The government they devised was defective from the start, requiring several amendments, a civil war, and major social transformations to attain the system of constitutional government and its respect for the freedoms and individual rights we hold as fundamental today.
– Thurgood Marshall on the bi-centennial of the Constitution, 1987
On Saturday, October 9th at 7:31 in the morning, Virginia Thomas, wife of Supreme Court Justice Clarence Thomas, picked up her phone and dialed Anita Hill’s Brandeis University office phone and left a taped message asking Professor Hill to pray and, then, apologize and explain “why you did what you did with my husband.”
Mrs. Thomas later described her call as an “olive branch.” Hill saw it differently and called the campus police and the FBI.
The phone call led to a front-page story in The New York Times and stories in other papers and on the web. It raised many questions as to why Mrs. Thomas did what she did. It also resurrected the sordid controversy of her husband’s appointment to the US Supreme Court.
Virginia and Clarence Thomas
Anita Hill has suggested that Mrs. Thomas felt Hill was secretly in love with her husband and, thus, that she had fabricated her testimony about sexual harassment, pornographic movie references and pubic-hairs-in-Coke-can jokes all out of pique and jealousy. Hill’s response to this notion is basically: you gotta be kidding.
The phone call story brings back images like the high stacks of Playboy and Penthouse magazines one witness said were piled up in Mr. Thomas’ bachelor apartment.
As to the plausibility of Anita Hill’s testimony, the phone call story brought out Lillian McEwen, a retired administrative law judge who had dated Clarence Thomas in the 1980s. She told The Washington Post this:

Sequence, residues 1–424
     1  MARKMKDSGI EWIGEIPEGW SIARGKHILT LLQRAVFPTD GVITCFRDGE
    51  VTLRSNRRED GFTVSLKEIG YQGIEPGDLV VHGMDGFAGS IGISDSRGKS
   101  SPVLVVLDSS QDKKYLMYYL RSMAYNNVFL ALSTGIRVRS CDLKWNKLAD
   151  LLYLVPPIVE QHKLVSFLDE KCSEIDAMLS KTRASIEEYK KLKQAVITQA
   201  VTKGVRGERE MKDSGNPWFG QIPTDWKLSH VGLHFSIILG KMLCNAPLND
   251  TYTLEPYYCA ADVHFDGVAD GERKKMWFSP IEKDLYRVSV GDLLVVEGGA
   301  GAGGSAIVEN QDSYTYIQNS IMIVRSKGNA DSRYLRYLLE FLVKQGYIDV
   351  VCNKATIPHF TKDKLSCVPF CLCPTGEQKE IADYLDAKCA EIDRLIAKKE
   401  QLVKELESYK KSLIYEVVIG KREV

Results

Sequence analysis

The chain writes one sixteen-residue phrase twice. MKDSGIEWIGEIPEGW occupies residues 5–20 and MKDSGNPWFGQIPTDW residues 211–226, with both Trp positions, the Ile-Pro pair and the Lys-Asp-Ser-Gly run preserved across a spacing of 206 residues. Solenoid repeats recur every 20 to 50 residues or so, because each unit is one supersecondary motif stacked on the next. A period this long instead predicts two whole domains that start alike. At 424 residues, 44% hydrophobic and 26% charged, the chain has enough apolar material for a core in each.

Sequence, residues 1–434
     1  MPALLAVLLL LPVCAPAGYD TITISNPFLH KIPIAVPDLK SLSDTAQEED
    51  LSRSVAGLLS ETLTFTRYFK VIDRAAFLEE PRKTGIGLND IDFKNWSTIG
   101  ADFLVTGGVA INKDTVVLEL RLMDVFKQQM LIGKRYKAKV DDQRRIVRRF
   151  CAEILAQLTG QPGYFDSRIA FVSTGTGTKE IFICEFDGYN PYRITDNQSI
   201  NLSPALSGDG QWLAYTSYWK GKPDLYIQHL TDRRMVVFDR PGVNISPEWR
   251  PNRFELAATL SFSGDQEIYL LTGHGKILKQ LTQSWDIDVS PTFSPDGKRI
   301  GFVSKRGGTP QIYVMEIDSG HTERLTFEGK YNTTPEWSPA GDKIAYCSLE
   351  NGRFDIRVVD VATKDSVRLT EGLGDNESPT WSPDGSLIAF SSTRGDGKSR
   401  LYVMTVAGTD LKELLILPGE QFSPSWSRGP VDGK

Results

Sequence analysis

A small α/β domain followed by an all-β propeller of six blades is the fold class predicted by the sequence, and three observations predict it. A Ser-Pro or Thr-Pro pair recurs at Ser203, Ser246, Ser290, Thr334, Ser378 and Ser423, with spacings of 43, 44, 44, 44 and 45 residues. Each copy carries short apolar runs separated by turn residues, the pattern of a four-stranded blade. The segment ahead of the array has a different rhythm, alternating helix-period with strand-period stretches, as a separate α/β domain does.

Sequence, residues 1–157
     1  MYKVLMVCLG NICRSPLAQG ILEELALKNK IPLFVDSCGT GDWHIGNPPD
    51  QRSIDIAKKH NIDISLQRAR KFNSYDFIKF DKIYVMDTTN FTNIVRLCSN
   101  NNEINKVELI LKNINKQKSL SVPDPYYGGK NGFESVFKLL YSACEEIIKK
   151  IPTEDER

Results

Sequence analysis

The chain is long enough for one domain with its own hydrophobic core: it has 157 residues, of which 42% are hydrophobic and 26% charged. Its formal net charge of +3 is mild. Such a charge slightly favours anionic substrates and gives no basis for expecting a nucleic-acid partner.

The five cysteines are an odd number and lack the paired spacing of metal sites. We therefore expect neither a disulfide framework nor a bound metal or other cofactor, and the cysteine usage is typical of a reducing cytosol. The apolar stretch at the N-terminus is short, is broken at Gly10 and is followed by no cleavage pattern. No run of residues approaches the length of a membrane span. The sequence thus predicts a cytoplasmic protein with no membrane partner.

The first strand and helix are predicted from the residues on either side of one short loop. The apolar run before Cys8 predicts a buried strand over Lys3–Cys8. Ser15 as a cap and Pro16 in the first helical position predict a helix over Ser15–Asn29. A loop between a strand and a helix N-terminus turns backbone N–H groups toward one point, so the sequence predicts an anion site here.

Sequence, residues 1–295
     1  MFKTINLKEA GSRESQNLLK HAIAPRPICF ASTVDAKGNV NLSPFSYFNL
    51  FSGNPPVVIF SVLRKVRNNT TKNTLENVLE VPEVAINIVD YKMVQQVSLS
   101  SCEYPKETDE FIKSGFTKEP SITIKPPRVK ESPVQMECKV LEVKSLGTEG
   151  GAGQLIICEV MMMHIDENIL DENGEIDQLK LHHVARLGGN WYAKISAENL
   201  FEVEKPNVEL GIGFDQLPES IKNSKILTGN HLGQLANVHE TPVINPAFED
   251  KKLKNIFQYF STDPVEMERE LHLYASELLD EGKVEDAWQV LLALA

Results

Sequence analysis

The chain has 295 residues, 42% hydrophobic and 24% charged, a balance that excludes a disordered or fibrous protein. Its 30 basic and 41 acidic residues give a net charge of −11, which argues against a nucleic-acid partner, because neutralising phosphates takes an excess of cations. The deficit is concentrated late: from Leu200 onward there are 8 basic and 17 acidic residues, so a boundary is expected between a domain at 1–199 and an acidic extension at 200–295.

“The Clarence I know was certainly capable of not only doing the things that Anita Hill said he did, but it would be totally consistent with the way he lived his personal life then.”
As for Mrs. Thomas’ tendency to defend her husband, the Post also reports that back in 1999 “a distraught woman” called one of their reporters commenting on a story about a man falsely accused of indecent exposure. The woman said her husband had suffered the same kind of ordeal. “My husband’s name is Clarence Thomas,” she said.
Conservative commentator Armstrong Williams was an aide to Clarence Thomas when Thomas was chairman of the Equal Employment Opportunity Commission. About the 1991 Senate hearings, he told the Post Mrs. Thomas was ”still affected by it. I just pray and hope she can find peace with this situation.”
At the far end of the continuum
A recent New York Times graphic continuum of Supreme Court justices based on their voting records put Thomas on the absolute right end of the historic continuum.
His one “liberal” weakness is free speech, especially in the area of sex. In one case, he was sympathetic to the rights of a man who had been entrapped into soliciting underage pornography. He has ridiculed the Texas anti-sodomy law. Most of the time he is known for remaining silent and not asking questions during hearings and for being a tough supporter of executive power.
Given that her husband is such a lightning rod for sordid controversy, it does seem strange that Mrs. Thomas would so willfully risk re-opening the 19-year-old wounds. Did she really think Hill would pray and call to apologize?